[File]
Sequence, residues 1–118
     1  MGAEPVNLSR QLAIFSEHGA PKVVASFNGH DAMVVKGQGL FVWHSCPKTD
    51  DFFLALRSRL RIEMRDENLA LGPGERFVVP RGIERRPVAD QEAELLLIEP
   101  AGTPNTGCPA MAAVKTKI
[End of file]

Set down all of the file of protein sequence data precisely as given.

Sequence, residues 1–118
     1  MGAEPVNLSR QLAIFSEHGA PKVVASFNGH DAMVVKGQGL FVWHSCPKTD
    51  DFFLALRSRL RIEMRDENLA LGPGERFVVP RGIERRPVAD QEAELLLIEP
   101  AGTPNTGCPA MAAVKTKI